Boris Johnson’s manifesto launch really didn’t get off to a good start
Boris Johnson launched the Conservative Party’s manifesto on 24 November. But he didn’t exactly get the welcome he’d like. Because unlike Jeremy Corbyn’s public appearances, the crowd that came to greet him wasn’t there to support him.
These were the scenes in Telford for the launch:
Not the welcoming party @BorisJohnson chose #ToryManifesto pic.twitter.com/osRWKfsjNf
— Robert Peston (@Peston) November 24, 2019
Compare and contrast
These scenes will make Johnson even more unhappy when compared to what happens whenever Corbyn makes a public appearance. For example, these were the crowds that greeted Corbyn when he arrived for the leaders’ debate. Johnson, meanwhile, had to sneak into the building:
Incredible atmosphere outside the #bbcqt leaders debate, before @jeremycorbyn went inside & knocked it out of the park, by answering his questions with 💯 integrity. #OnYourSide #RealChange pic.twitter.com/5AaJeBcg0O
— Laura Pidcock (@LauraPidcockMP) November 22, 2019
We shouldn’t be surprised by this reaction, though. Nearly a decade of Conservative-led governments have destroyed our public services. Meanwhile, according to the UN, austerity measures have ‘deliberately’ pushed thousands of people into poverty:
UK standards of well-being have descended precipitately in a remarkably short period of time, as a result of deliberate policy choices made when many other options were available.
In other words, a political choice was made to implement austerity measures; measures that fell:
disproportionately upon the poor, women, racial and ethnic minorities, children, single parents, and people with disabilities.
Another world is possible
And while Labour’s manifesto gives people real hope for transforming the country, the Conservative manifesto promises nothing but more of the same. Johnson keeps repeating his mantra of “get Brexit done”. But it’s still unclear how he hopes to actually start rebuilding the country:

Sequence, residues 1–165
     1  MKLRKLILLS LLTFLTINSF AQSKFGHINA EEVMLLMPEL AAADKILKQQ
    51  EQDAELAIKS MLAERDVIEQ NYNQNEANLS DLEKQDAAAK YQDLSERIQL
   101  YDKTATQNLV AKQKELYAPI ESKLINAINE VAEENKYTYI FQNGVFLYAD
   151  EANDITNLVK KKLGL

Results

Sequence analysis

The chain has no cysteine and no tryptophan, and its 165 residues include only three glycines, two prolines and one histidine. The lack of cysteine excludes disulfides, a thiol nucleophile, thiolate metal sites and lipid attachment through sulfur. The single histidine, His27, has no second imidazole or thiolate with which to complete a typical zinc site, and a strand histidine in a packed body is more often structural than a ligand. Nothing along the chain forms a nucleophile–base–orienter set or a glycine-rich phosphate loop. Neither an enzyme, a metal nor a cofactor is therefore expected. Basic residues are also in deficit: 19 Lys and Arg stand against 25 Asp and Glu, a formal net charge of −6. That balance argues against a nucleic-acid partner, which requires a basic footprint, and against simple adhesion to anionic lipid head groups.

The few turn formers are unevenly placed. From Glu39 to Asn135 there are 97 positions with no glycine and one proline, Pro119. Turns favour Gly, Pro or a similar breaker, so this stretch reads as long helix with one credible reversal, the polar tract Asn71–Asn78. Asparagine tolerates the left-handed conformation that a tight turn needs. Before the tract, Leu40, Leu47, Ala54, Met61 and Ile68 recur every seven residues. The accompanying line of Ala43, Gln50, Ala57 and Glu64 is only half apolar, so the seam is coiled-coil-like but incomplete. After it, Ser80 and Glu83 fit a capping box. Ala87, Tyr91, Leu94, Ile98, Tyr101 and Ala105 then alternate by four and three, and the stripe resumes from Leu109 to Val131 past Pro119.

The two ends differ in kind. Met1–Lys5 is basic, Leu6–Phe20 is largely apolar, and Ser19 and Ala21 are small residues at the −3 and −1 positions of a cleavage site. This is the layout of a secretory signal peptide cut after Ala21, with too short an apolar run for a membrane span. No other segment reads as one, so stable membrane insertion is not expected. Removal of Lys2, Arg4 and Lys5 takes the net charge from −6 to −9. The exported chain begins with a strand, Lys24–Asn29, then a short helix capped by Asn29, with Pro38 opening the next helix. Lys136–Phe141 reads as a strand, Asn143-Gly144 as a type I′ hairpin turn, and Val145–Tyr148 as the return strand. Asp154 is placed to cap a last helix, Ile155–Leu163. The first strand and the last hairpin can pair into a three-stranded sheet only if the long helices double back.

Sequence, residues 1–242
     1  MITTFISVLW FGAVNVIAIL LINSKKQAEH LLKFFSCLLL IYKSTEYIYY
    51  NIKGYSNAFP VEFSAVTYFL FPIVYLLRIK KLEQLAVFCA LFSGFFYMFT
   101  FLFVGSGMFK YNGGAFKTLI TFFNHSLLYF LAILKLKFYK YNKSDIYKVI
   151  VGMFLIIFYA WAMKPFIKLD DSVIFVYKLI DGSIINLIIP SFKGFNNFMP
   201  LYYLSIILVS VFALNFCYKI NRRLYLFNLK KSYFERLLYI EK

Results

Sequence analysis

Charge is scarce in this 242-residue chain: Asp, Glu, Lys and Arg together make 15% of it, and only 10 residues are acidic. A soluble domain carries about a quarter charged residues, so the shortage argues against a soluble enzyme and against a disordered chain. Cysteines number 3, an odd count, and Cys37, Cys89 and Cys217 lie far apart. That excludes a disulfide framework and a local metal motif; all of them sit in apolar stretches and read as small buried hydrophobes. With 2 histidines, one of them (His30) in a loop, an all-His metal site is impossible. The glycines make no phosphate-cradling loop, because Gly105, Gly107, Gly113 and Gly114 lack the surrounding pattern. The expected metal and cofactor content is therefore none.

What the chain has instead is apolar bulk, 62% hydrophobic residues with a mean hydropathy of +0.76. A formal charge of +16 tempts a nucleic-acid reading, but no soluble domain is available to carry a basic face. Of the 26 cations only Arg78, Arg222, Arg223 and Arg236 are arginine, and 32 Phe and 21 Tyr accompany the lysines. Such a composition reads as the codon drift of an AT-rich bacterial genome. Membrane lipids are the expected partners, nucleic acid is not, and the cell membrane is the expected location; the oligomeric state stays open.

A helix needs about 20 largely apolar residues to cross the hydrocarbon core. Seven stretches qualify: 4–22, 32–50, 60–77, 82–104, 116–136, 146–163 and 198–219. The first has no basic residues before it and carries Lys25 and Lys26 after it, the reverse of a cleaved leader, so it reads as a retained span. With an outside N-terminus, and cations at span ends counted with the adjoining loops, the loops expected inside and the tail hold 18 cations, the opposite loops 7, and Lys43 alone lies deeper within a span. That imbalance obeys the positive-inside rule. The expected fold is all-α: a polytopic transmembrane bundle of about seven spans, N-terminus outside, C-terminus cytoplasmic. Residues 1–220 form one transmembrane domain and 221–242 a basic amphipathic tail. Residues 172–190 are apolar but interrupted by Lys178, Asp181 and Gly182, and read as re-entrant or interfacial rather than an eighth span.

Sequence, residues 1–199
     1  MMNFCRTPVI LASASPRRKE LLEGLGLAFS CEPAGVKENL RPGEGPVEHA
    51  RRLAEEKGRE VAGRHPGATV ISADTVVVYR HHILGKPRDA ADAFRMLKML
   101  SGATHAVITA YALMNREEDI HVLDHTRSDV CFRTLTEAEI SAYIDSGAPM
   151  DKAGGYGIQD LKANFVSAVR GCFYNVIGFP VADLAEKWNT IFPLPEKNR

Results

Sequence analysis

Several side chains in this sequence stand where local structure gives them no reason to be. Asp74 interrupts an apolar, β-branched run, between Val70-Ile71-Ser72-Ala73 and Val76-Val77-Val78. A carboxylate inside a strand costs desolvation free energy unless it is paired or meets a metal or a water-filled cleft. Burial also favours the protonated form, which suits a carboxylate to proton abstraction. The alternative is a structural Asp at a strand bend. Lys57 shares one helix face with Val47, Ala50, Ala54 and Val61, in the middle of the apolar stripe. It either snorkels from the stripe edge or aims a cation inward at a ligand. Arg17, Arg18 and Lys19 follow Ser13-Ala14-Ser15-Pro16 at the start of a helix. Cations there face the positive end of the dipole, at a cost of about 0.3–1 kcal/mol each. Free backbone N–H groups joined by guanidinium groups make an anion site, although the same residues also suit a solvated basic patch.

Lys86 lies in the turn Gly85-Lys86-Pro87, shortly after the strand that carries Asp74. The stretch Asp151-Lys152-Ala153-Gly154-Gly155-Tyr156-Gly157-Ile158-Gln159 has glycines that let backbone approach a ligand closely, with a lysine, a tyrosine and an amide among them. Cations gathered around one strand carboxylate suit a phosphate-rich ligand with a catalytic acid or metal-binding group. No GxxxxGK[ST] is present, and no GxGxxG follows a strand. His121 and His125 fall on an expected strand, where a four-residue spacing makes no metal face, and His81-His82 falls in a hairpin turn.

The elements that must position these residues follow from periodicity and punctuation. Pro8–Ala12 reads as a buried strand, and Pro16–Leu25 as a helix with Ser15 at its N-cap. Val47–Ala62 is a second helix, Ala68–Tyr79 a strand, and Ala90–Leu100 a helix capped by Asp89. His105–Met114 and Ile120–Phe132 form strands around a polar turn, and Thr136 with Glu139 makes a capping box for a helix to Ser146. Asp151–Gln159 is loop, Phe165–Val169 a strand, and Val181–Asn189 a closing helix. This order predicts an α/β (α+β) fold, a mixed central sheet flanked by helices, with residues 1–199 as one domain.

indeed they've had/have two pseudo programs. The first was austerity, which was never necessary; the second is 'getting Brexit done'. The #ToryManifesto today confirms that. It's what politics looks like in a managed democracy hitting the buffers of low growth and low consent.
— Aaron Bastani (@AaronBastani) November 24, 2019
While the manifesto attempts a few headline-grabbing moves, the reality is they will provide no real benefit to the majority of the people in this country. For example, the Institute for Fiscal Studies claims that Johnson’s much-touted national insurance cut will only save people £85 a year. Other initiatives such as very limited free hospital parking only scratch the surface of a much bigger problem:
The Tory general election manifesto includes claims to end the charges – but only a fraction of patients, visitors and NHS staff would see the benefit of the policy https://t.co/PKRUIbMRWb
— Peter Stefanovic (@PeterStefanovi2) November 24, 2019
And the Conservative Party isn’t even pretending that it’ll try and invest in public services:
Tory Manifesto announces just £3bn per year increase in public spending over course of parliament compared with just £83bn for Labour. @BorisJohnson making almost zero attempt to match @jeremycorbyn on public service spending. #ToryManifesto
— Robert Peston (@Peston) November 24, 2019
The choice facing the country on 12 December is crystal clear. Vote for another Etonian who continually lies, and offers empty promises. Or vote for a manifesto of hope and change. The crowds that gather whenever these two leaders appear in public have certainly spoken. Let’s hope the rest of the country follows their example.
Featured image via YouTube
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